The property containing the Old Stone Fort was eventually passed into the hands of the Chumbley family, who had ties to Stone Fort Paper. The Chumbleys, seeking to protect the Old Stone Fort, passed up numerous private offers for the land the ancient structure was located on.7 In 1966, the State of Tennessee purchased 400 acres (1.6 km2) of the Chumbley estate that became the core of Old Stone Fort State Archaeological Park.8 The Old Stone Fort was added to the National Register of Historic Places in 1973.
The Old Stone Fort remained a mystery until the University of Tennessee conducted archaeological excavations in 1966. Throughout the 19th and early 20th century, various theories tried to identify the builders.
In 1823, the Pioneer, a Jackson, Tennessee newspaper, argued the Old Stone Fort was built by Buccaneers from Seville after one of their ships wrecked off the coast of Florida and forced them inland.9 In the mid-20th century, the discoveries at L'Anse aux Meadows and the discovery of apparent Viking artifacts in various parts of North America led many to believe the Vikings built stone structures in the Eastern U.S.A., including the Old Stone Fort. In 1950, Zella Armstrong hypothesized that the fort was built by "Welsh-Indian" descendants of Prince Madoc.10
The first serious investigation of the Old Stone Fort was conducted by Joseph Jones for the Smithsonian Institution in 1876 and uncovered several prehistoric artifacts. He was followed by Tennessee State Archaeologist P.E. Cox in 1928, who dug several trenches and analyzed the fort's composition.11
In 1966, after the purchase of the Old Stone Fort, the University of Tennessee Department of Anthropology investigated the structure's origins. Digging a series of trenches and test pits and conducting extensive research, the investigators determined the builders to be Native Americans of the Middle Woodland period. Charles Faulkner, a member of the excavation team, based this on three findings:
- Radiocarbon analysis of charcoal samples found within the structure's walls all dated to approximately 30-430 AD, in the Middle Woodland period.12
- The structure's composition, setting, and layout is similar to other structures built by Middle Woodland cultures, such as the Hopewell people of Ohio and the Pinson Mound builders in West Tennessee.13
- Between 1966 and 1971, five Middle Woodland settlements were discovered within 20 miles (32 km) of the Old Stone Fort, including a substantial habitation area 3 miles (4.8 km) downstream.14
The University of Tennessee determined the fort was built gradually over a period of several hundred years. The builders are believed to be two distinct local Middle Woodland cultures known as the McFarland and the Owl Hollow cultures, the first beginning work in the 1st century AD and the second completing it.2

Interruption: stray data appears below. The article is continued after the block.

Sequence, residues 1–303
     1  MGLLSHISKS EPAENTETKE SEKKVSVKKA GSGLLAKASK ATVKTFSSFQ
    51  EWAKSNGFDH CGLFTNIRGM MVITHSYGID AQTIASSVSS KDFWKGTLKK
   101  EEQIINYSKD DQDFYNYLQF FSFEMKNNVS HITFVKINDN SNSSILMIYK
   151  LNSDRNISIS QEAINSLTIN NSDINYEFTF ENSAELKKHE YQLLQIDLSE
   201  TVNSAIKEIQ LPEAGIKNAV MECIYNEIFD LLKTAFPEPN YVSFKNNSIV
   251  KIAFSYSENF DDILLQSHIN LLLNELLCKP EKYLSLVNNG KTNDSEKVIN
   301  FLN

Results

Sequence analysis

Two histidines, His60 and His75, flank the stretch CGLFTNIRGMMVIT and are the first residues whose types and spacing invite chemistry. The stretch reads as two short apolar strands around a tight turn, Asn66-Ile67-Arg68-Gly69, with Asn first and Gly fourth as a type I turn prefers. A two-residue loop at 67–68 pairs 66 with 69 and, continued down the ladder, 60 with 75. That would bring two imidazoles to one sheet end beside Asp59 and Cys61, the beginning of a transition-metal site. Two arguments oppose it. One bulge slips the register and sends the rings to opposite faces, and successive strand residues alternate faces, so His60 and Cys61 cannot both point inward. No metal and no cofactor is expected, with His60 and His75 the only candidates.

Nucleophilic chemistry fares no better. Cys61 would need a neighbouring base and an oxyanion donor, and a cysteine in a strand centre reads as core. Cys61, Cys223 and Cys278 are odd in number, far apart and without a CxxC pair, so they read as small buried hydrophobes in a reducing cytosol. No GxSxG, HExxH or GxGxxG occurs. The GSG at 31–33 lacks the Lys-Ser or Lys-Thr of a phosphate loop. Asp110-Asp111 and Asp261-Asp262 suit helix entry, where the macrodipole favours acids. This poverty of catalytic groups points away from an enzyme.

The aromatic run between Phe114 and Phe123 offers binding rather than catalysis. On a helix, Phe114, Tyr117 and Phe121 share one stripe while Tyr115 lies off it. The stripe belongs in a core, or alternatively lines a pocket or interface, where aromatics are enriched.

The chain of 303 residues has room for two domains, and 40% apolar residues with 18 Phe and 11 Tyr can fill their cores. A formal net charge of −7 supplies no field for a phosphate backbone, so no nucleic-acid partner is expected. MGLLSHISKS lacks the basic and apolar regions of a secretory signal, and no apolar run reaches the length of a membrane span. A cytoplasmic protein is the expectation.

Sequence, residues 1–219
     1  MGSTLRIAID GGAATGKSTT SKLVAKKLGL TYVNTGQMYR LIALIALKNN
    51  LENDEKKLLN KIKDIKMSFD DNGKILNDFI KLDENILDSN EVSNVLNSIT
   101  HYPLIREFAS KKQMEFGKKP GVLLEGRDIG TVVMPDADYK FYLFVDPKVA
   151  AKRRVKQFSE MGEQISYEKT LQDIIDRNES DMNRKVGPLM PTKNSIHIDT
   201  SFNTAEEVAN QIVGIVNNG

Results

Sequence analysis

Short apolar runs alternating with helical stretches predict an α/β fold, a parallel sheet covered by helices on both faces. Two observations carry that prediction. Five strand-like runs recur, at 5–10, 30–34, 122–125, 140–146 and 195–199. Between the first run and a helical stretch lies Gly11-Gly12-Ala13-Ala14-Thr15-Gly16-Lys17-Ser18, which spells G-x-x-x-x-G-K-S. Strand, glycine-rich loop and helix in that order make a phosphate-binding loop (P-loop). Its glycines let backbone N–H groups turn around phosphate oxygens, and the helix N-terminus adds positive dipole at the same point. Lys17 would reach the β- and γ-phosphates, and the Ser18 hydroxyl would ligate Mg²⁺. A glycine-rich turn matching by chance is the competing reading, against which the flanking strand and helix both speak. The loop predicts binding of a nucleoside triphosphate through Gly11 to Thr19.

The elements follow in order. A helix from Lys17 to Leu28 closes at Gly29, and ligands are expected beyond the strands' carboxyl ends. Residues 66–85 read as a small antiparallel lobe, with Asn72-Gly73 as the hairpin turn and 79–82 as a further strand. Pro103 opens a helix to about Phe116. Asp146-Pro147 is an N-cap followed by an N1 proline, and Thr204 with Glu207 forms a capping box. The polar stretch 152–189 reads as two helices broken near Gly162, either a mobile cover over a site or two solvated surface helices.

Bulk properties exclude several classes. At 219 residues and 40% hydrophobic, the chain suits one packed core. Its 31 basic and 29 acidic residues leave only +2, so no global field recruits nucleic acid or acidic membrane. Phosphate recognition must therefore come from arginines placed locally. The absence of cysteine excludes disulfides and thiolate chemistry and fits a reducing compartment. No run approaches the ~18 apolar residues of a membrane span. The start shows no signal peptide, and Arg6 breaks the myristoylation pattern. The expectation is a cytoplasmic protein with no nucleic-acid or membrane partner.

For decades, it was largely assumed the structure was used for military defense. Evidence from the 1966 excavations, however, points more to a religious or ceremonial function. Faulkner based this on the following:
- Defensive structures are typically constructed quickly in response to a threat, but the Old Stone Fort was constructed gradually over several centuries.15
- The walls are not high enough to have been used for defense, and no evidence of a palisade was found.15
- The area within the walls is large and its defense would require much more than a typical Middle Woodland fighting force.15
- The 1966 excavations turned up almost no cultural artifacts, which implies the enclosure was kept clean and not continuously inhabited by its builders.16
The "moat" that parallels the base of the southwestern edge of the peninsula was originally considered artificial, although researchers now believe it may be a natural dry riverbed.17
The Old Stone Fort Museum, built by Tennessee State Parks, is located near the park entrance. The museum's exhibits interpret the theories regarding the fort's builders, archaeological excavations at the site, small theater, small welcome/gift shop center, historical lineage of early Native Americans, and the culture of its builders. An observation deck atop the museum displays information about the Old Stone Fort and surrounding rivers and views of the Blue Hole Falls.
- Charles Faulkner, "Old Stone Fort State Archaeological Park." The Tennessee Encyclopedia of History and Culture (2009). Retrieved: 11 October 2012.
- Information in the section obtained from Charles Faulkner, The Old Stone Fort: Exploring an Archaeological Mystery (Knoxville, Tenn.: University of Tennessee Press, 1971), 3-6, 35-36, 50-51.
- Faulkner, The Old Stone Fort, v.
- Basil McMahan, The Mystery of Old Stone Fort (Nashville, Tenn.: Tennessee Book Company, 1965), 10.
- McMahan, The Mystery of Old Stone Fort, 10.
- McMahan, The Mystery of Old Stone Fort, 88.
- Faulkner, The Old Stone Fort, vi.
- McMahan, The Mystery of the Old Stone Fort, 44.
- McMahan, The Mystery of the Old Stone Fort, 65.
- Faulkner, The Old Stone Fort, 8, 19, 34-35.
- Faulkner, The Old Stone Fort, 23-25.
- Faulkner, The Old Stone Fort, 9-18.
- Faulkner, The Old Stone Fort, vi-vii.
- Faulkner, The Old Stone Fort, 28-29.
- Faulkner, The Old Stone Fort, 30.
- Faulkner, The Old Stone Fort, 53-55.
|Wikimedia Commons has media related to Old Stone Fort (Tennessee).|
- Old Stone Fort State Archaeological Park — official site
- Old Stone Fort - TN History for Kids, park description and photos